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FAA Deal Will Enact New Airline Safety Standards | News

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FAA Deal Will Enact New Airline Safety Standards

Gannett Washington Bureau

WASHINGTON - New airline safety standards for training pilots and copilots could become law within the next couple of weeks under a compromise deal reached by congressional leaders on reauthorization of the Federal Aviation Administration.

According to a spokesman for Sen. Chuck Schumer, the long-stalled legislation is expected to pass the House as soon as Thursday and be sent to the Senate.

The compromise will temporarily reauthorize the FAA operations for another two or three months but include permanent language on the new safety standards.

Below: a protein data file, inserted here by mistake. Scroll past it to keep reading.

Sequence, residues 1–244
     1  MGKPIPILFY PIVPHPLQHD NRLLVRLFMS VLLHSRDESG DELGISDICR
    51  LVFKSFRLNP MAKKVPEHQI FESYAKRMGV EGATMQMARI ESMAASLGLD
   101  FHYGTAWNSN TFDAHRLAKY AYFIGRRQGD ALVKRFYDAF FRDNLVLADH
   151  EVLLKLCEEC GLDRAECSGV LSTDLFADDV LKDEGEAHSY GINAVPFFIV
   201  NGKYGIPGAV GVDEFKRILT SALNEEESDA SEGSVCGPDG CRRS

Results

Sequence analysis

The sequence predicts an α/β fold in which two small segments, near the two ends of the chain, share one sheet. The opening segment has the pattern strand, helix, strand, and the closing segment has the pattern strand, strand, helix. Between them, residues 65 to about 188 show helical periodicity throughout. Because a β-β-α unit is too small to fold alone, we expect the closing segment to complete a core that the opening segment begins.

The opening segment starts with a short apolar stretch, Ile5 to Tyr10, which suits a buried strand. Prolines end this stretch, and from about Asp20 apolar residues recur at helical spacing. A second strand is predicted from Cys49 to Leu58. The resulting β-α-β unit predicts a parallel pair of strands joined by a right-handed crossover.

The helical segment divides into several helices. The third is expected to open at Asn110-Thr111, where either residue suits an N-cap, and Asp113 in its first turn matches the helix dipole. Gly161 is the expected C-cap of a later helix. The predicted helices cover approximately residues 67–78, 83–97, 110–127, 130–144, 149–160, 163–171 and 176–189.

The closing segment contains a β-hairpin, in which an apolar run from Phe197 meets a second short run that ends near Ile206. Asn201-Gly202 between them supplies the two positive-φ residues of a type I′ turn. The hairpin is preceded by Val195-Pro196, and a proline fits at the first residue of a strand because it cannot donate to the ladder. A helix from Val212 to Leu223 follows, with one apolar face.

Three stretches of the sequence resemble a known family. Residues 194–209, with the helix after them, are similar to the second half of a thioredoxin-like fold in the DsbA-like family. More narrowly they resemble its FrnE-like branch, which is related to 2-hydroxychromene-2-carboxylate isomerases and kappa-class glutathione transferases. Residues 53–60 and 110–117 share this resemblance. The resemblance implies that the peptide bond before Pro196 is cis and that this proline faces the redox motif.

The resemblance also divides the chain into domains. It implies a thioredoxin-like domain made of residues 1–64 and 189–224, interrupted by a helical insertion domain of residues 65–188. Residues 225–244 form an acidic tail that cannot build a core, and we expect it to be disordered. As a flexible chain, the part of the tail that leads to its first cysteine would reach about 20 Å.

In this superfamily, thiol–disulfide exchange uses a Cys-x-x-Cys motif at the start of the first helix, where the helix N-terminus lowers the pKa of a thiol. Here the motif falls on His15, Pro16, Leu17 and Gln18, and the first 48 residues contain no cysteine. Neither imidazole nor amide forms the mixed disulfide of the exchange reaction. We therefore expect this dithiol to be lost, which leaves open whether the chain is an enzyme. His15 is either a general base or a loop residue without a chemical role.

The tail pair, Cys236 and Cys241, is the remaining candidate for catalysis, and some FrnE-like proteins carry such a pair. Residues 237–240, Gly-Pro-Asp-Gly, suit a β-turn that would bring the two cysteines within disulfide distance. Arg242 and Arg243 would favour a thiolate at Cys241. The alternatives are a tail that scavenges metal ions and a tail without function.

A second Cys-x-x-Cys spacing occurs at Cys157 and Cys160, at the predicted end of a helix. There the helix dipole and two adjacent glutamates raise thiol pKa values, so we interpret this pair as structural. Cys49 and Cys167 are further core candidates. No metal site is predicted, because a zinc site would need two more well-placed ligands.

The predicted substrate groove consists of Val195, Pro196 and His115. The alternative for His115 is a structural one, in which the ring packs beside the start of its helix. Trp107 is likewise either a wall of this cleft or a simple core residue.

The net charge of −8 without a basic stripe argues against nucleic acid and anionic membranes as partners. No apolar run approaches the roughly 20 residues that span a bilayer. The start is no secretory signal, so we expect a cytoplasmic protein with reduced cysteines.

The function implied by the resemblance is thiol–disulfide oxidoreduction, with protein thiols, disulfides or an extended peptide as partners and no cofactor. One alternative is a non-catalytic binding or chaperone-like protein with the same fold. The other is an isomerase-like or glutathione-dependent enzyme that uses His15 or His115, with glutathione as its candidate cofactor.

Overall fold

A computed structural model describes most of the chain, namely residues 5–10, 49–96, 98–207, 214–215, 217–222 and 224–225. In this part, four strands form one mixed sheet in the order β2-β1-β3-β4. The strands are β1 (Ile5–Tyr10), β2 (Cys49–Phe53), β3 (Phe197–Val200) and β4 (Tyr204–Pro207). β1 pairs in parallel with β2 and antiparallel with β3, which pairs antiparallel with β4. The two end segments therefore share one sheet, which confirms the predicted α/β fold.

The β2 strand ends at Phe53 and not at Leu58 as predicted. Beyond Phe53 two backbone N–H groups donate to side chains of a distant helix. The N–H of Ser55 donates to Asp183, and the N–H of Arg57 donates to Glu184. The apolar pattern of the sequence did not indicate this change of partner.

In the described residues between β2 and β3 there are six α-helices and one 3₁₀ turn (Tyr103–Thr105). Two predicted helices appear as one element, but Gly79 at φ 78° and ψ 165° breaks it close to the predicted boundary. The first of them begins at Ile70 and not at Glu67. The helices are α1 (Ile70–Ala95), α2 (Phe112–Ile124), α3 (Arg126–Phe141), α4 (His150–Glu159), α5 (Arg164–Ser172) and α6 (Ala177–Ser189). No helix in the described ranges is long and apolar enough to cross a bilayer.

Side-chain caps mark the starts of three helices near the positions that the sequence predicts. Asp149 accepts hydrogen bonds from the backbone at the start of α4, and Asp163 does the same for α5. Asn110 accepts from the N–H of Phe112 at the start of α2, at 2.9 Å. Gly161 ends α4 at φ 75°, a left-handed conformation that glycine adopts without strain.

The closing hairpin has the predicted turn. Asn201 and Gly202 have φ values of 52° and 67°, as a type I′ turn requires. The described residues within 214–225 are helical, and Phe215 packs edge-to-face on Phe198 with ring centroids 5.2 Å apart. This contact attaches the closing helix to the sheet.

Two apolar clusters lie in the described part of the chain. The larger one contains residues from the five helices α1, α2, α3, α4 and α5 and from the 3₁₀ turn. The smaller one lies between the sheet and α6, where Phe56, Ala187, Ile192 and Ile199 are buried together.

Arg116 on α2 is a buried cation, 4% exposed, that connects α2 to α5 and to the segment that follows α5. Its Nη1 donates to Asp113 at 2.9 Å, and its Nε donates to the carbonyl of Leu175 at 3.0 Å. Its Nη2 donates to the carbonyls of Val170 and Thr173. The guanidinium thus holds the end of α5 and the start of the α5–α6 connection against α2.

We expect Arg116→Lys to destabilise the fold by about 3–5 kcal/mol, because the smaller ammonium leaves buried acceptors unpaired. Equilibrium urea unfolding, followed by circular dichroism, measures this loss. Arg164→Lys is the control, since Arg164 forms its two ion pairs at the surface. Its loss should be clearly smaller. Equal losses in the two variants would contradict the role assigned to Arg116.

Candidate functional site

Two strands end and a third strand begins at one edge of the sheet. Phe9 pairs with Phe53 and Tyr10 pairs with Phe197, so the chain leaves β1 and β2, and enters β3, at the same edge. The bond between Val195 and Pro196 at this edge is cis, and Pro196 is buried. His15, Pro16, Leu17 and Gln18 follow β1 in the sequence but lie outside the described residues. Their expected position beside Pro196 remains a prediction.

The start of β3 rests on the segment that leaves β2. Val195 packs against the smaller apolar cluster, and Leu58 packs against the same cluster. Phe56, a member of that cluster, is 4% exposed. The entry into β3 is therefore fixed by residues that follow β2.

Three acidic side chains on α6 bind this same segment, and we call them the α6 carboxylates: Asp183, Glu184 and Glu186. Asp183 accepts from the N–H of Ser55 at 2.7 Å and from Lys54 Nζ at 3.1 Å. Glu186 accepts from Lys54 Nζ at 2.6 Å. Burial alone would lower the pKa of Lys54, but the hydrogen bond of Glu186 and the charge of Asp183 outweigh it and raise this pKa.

Family members of flight 3407 crash victims have traveled to Washington, D.C. on several occasions to try and convince lawmakers to include safety improvements into the FAA bill.

The FAA bill has been blocked recently in a dispute over labor provisions favored by United Parcel Service and opposed by FedEx as well as a dispute over additional landing slots at Reagan National Airport located across the river from Washington.

The compromise bill leaves those thorny issues unresolved.

Senator Charles Schumer released the following statement Wednesday afternoon regarding the impending House passage of the long-sought after reform.

"While we have taken a long and circuitous route to get here, our ultimate goal of vastly improving aviation safety in this country is within our reach. I will say it before and say it again, it is the 3407 Families and their tireless advocacy that have made this possible. The Congress is but a conduit for their passion, drive and determination."


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